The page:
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- Sarah ten Siethoff is New Associate Director of SEC Investment Management Rulemaking Office
- Catherine Keating Appointed CEO of BNY Mellon Wealth Management
- Credit Suisse to Pay $47Mn to Resolve DOJ Asia Probe
- SEC Chair Clayton Goes 'Hat in Hand' Before Congress on 2019 Budget Request
- SEC's Opening Remarks to the Elder Justice Coordinating Council
- Massachusetts Jury Convicts CA Attorney of Securities Fraud
- Deutsche Bank Says 3 Senior Investment Bankers to Leave Firm
- World’s Biggest Hedge Fund Reportedly ‘Bearish On Financial Assets’
- SEC Fines Constant Contact, Popular Email Marketer, for Overstating Subscriber Numbers
- SocGen Agrees to Pay $1.3 Billion to End Libya, Libor Probes
- Cryptocurrency Exchange Bitfinex Briefly Halts Trading After Cyber Attack
- SEC Names Valerie Szczepanik Senior Advisor for Digital Assets and Innovation
- SEC Modernizes Delivery of Fund Reports, Seeks Public Feedback on Improving Fund Disclosure
- NYSE Says SEC Plan to Limit Exchange Rebates Would Hurt Investors
- Deutsche Bank faces another challenge with Fed stress test
- Former JPMorgan Broker Files racial discrimination suit against company
- $3.3Mn Winning Bid for Lunch with Warren Buffett
- Julie Erhardt is SEC's New Acting Chief Risk Officer
- Chyhe Becker is SEC's New Acting Chief Economist, Acting Director of Economic and Risk Analysis Division
- Getting a Handle on Virtual Currencies - FINRA
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NEWSLETTERS & ALERTS
OCIE Issues Risk Alert on RIA Advertising
The SEC's Office of Compliance Inspections and Examinations (“OCIE”) provided a list of compliance issues relating to Rule 206(4)-1 (the “Advertising Rule”) under the Investment Advisers Act of 1940 (the “Advisers Act”). The cited compliance issues were most frequently identified in deficiency letters recently sent to RIAs and as part of an examination initiative that focused on advisers’ use of accolades in their marketing materials (“Touting Initiative”).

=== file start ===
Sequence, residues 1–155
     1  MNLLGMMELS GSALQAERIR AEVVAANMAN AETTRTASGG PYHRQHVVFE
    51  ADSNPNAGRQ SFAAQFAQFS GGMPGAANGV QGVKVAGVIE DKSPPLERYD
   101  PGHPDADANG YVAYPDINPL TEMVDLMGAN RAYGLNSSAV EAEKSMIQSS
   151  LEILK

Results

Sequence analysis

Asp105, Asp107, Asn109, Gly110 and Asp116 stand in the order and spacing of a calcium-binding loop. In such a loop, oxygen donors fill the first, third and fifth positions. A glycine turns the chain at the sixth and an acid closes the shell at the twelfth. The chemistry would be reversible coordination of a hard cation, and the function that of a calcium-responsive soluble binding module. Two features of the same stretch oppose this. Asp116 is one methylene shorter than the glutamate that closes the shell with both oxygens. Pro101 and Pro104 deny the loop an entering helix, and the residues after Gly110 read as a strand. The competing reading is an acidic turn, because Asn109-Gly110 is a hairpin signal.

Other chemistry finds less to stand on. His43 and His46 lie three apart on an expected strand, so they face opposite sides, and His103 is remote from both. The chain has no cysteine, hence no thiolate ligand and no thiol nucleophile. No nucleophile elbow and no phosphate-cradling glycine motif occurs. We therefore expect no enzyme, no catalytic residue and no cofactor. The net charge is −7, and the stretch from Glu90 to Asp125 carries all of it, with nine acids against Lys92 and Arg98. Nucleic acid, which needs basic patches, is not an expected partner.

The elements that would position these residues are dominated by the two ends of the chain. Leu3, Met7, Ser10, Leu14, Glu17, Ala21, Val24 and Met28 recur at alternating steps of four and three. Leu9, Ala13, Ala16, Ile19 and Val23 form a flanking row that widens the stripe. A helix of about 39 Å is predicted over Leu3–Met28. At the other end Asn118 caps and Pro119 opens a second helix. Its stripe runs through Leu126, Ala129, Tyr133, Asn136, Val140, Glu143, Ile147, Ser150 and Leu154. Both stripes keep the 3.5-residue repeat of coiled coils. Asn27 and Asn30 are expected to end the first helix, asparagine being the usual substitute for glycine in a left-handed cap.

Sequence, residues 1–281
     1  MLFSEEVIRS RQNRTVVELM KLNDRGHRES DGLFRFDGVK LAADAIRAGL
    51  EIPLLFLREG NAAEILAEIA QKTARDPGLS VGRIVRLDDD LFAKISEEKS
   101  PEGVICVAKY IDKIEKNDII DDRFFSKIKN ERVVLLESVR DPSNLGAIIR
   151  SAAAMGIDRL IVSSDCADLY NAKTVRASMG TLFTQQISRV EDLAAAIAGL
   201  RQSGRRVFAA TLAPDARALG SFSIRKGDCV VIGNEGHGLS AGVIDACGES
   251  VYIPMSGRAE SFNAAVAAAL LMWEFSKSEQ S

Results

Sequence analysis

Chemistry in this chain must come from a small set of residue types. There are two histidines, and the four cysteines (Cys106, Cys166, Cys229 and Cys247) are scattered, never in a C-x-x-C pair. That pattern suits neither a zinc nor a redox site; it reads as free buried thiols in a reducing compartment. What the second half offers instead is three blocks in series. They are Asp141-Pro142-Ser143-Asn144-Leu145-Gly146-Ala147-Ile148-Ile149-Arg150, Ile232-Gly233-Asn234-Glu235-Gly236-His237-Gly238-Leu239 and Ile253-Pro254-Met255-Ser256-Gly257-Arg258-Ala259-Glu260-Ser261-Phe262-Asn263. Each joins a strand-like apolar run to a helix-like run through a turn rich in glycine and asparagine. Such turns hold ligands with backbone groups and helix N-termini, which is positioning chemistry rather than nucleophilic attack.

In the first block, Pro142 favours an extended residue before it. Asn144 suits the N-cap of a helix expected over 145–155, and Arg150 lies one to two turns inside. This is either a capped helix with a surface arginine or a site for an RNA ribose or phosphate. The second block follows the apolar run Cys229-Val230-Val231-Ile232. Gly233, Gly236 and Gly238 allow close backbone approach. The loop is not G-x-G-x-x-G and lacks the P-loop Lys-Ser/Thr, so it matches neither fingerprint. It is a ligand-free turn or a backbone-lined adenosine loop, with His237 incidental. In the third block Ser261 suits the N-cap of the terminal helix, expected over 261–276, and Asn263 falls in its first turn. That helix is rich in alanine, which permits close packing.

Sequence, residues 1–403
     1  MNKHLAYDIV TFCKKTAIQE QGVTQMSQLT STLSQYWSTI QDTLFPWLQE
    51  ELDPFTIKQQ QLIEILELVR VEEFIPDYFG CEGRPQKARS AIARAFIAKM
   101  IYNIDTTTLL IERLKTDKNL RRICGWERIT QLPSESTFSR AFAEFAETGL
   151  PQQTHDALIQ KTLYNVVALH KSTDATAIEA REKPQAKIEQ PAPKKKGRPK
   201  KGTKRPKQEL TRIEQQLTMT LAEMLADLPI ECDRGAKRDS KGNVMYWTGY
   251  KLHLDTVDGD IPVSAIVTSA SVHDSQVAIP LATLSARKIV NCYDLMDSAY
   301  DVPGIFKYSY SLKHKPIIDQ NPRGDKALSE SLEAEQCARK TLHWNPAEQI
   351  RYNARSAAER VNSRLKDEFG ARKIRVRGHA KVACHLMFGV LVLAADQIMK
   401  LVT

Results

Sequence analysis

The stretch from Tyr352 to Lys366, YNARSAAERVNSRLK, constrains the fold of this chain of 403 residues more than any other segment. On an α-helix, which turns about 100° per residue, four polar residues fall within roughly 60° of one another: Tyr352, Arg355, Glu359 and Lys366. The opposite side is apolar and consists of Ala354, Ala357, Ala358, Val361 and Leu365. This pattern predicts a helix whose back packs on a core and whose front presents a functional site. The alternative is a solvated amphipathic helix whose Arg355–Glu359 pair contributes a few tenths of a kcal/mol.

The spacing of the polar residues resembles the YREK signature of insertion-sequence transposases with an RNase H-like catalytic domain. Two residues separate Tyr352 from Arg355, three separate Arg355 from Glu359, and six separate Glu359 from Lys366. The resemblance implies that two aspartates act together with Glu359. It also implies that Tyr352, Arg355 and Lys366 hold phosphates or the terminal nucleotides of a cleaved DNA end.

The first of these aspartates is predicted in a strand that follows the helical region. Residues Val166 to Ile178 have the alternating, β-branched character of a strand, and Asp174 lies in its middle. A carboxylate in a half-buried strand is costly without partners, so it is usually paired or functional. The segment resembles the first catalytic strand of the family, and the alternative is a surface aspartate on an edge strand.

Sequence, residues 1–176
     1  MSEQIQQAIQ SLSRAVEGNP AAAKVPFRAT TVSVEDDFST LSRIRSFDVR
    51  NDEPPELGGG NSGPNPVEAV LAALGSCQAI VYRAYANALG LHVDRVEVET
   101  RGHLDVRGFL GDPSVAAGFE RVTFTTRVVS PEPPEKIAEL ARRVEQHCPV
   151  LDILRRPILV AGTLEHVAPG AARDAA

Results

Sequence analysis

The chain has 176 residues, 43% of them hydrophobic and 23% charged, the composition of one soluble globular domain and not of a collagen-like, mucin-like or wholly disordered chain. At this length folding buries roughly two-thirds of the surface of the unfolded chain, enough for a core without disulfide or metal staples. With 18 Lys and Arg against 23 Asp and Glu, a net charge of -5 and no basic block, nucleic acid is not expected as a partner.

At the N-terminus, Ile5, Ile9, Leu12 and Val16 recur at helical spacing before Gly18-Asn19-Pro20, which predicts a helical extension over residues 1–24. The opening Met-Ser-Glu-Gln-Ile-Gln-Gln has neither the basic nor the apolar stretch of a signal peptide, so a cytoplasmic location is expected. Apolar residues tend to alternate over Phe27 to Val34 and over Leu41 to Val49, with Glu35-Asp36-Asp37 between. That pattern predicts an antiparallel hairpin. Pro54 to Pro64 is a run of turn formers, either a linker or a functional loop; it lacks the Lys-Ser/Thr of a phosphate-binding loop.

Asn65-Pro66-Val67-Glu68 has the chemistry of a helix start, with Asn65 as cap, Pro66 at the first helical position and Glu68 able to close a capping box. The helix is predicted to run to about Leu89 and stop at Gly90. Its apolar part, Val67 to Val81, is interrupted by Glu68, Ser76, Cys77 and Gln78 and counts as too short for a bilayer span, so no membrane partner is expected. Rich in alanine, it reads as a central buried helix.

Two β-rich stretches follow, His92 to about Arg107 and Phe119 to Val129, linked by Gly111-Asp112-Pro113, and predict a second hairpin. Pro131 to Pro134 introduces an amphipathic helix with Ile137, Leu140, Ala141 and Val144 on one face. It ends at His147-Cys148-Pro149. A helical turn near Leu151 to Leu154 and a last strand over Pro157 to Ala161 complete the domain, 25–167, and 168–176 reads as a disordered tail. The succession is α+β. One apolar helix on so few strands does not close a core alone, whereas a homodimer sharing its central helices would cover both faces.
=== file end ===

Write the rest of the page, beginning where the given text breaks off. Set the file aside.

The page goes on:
Here are the most frequent deficiencies that OCIE staff has identified in connection with failure to comply with the Advertising Rule:
► Misleading Performance Results. OCIE staff observed advertisements that: (i) presented performance results without deducting advisory fees; (ii) compared results to a benchmark but did not include disclosures about the limitations inherent in such comparisons, including instances where, for example, an advertisement did not disclose that the advertised strategy materially differed from the composition of the benchmark to which it was compared; (iii) contained hypothetical and backtested performance results, but did not explain how these returns were derived and did not include other potentially material information regarding the performance results.
► Misleading One-on-One Presentations. OCIE staff observed advertisements that: (i) contained performance results (gross of fees) in certain one-on-one presentations, but did not include potentially relevant disclosures; (ii) did not disclose that the advertised performance results did not reflect the deduction of advisory fees and that client returns would be reduced by such fees and other expenses.
► Misleading Claim of Compliance with Voluntary Performance Standards. OCIE staff observed advisers that claimed their advertised performance results complied with a certain voluntary performance standard, when it was not clear to staff that the performance results in fact adhered to the performance standard’s guidelines.
► Cherry-Picked Profitable Stock Selections. OCIE staff observed advisers that included only profitable stock selections or recommendations in presentations, client newsletters, or on their websites, without meeting the conditions set forth in Subsection (a)(2) of the Advertising Rule
► Misleading Selection of Recommendations. OCIE staff observed advisers that: (i) disclosed past specific investment recommendations that may have been misleading because they included only certain, and not all, recommendations, in order to illustrate a particular investment strategy, and they did not meet the conditions set forth in Subsection (a)(2) of the Advertising Rule; and, (ii) did not satisfy the representations upon which IM staff based certain no-action assurances as provided in the TCW Group and Franklin no-action letters
► Compliance Policies and Procedures. OCIE staff observed advisers that did not have, or did not implement policies and procedures pertaining to these issues: (i) the process for reviewing and approving advertising materials prior to their publication or dissemination; (ii) when using composites, determining the parameters for which accounts were included or excluded from performance calculations; and, (iii) confirming the accuracy of performance results in compliance with the Advertising Rule.